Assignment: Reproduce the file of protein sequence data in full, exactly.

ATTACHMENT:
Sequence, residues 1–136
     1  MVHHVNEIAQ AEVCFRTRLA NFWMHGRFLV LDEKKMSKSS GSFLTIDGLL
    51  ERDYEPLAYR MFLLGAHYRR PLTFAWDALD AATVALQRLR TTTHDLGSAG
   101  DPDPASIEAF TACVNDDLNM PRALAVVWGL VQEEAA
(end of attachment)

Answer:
Sequence, residues 1–136
     1  MVHHVNEIAQ AEVCFRTRLA NFWMHGRFLV LDEKKMSKSS GSFLTIDGLL
    51  ERDYEPLAYR MFLLGAHYRR PLTFAWDALD AATVALQRLR TTTHDLGSAG
   101  DPDPASIEAF TACVNDDLNM PRALAVVWGL VQEEAA